George Osborne’s 2014 Budget statement paved the way for a range of changes to pensions that have altered the retirement income market forever. Unsurprisingly, annuities were dealt a hefty blow, but it’s clear that the certainty they offer means that they continue to have an important role to play as part of retirement planning.
It is often said that there are only two true certainties in life, death and taxes. Although this may be true, few of us can escape a third – bills. We all have to cover necessities such as accommodation, food, clothing, and utilities, and most people want to know that these will be taken care of, no matter what. Annuities are able to meet this need by offering a secure, guaranteed level of income.
The great news is that from 6th April 2015 the range of pension options available have widened considerably, giving people added flexibility and greater choice and control over their retirement income. As a result, more people are expected make use of a ‘blend’ of different retirement solutions to give them the combination of security and flexibility to meet their chosen lifestyle. Typically, this could mean buying an annuity with part of their fund to cover the essentials, and using the rest of the fund to provide a more flexible income.
Inevitably your circumstances will change, sometimes when you least expect it, so the more flexible you are the better. As a rule of thumb, it’s a good idea to keep as much as you can invested for growth, as you may live for a very long time in retirement and you want to make sure your savings are, at a minimum, keeping pace with inflation. Of course, one potential downside to bear in mind is that your investment will continue to be exposed to market conditions and may go down in value.
Most of the pension changes announced by George Osborne came into law on 6 April 2015. Here’s a reminder of the key points and a summary of what they could mean for you:
Freedom to take your pension fund as cash – If you are age 55 or over, you can choose to take your pension fund as one cash lump sum or a series of smaller cash lump sums. This was probably the headline item that attracted most of the press attention. However, apart from the obvious danger of spending it all and having nothing to fund your retirement, there are several crucial points to be aware of. In particular, although you will receive the first 25% of your fund tax free, the remainder will be taxed at your marginal rate of income tax. This could mean giving up almost half of it to the tax man!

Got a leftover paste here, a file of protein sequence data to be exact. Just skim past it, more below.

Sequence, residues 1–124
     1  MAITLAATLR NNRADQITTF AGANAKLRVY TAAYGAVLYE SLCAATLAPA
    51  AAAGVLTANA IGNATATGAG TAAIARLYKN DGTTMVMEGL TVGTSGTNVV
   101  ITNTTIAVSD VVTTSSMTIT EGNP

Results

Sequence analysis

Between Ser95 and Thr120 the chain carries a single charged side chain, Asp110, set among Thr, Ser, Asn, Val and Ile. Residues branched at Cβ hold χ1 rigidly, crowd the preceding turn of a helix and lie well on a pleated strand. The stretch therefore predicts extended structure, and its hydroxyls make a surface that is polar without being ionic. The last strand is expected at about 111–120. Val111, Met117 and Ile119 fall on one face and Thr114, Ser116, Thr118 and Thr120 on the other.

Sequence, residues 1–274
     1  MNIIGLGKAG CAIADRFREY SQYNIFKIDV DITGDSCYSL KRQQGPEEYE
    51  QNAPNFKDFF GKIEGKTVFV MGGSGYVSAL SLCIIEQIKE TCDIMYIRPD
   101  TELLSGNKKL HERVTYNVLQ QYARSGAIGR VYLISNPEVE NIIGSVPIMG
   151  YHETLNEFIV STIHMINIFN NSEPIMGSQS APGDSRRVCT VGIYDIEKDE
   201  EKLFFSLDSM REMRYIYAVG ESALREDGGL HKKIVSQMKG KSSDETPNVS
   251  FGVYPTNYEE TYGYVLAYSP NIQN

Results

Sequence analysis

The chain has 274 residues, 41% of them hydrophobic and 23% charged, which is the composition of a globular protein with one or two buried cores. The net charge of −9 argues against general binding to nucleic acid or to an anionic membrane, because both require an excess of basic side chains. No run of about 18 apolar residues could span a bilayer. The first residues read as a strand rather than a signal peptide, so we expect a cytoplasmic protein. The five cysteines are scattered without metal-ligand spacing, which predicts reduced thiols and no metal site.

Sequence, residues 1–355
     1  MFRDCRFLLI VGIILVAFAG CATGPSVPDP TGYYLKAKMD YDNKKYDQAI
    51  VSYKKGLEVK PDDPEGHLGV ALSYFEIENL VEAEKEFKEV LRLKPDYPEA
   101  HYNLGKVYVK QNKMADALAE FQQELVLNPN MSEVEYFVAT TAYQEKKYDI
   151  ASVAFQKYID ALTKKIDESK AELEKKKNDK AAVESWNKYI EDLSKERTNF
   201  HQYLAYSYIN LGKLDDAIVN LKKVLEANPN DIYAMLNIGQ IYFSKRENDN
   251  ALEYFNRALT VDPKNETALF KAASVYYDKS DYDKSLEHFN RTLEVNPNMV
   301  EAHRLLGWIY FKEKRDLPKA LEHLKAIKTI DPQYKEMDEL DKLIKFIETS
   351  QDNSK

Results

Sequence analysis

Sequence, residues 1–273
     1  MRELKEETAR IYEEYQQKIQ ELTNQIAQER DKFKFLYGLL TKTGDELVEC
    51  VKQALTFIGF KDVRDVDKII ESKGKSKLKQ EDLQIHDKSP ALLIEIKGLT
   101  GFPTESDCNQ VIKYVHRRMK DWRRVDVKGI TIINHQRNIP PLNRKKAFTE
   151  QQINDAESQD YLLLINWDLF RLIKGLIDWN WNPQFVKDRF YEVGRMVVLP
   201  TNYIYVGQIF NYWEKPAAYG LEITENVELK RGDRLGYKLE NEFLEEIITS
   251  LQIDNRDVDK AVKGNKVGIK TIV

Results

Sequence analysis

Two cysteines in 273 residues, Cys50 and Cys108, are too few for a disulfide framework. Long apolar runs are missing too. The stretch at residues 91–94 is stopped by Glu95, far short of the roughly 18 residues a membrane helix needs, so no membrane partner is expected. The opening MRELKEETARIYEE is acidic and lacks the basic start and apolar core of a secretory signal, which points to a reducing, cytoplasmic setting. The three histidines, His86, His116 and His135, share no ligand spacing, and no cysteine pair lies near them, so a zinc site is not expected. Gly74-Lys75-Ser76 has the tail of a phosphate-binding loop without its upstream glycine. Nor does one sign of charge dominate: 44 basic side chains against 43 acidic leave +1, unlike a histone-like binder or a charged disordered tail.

Taking a flexible income when you need it – Although the ability to ‘draw down’ from a pension fund has been available for several years, there were rules which limited the amount you could take out. From 6th April this is now far more flexible and you can effectively withdraw as much as you like, when you like.
Transferring wealth on death – abolishment of the 55% death tax – The new pension rules also help you to pass on more of your pension wealth to your dependants when you die. Before the 6th April there was a 55% tax charge for any lump sums paid out of a drawdown fund, but now, if you die before you are 75, your beneficiaries can take a lump sum or income from the pension fund without paying tax. If you die after you are 75, your beneficiaries will pay just 45% tax on a lump sum withdrawal, or their marginal rate of tax if they choose to take an income from the fund.
Free guidance for everyone – Everyone now has access to free financial guidance provided by a Government approved agency. See www.pensionwise.gov.uk for more information. Although very helpful, it’s important to remember that this is guidance, not advice. You will still have to make sense of the rules and options before making your own decisions.
This is based on our current understanding of HMRC rules and legislation which is subject to change.
It takes time and know-how to fully explore and understand your options, and find the precise balance that’s going to meet your individual retirement needs. These are important decisions that could significantly affect your lifestyle and it makes absolute sense to get some professional advice.
A suitably qualified and regulated professional adviser will talk you through your current financial arrangements, your hopes and aspirations for retirement. You can expect them to help you understand the options open to you and to recommend the solution that is most likely to make your retirement goals a reality. Get in touch for some professional advice.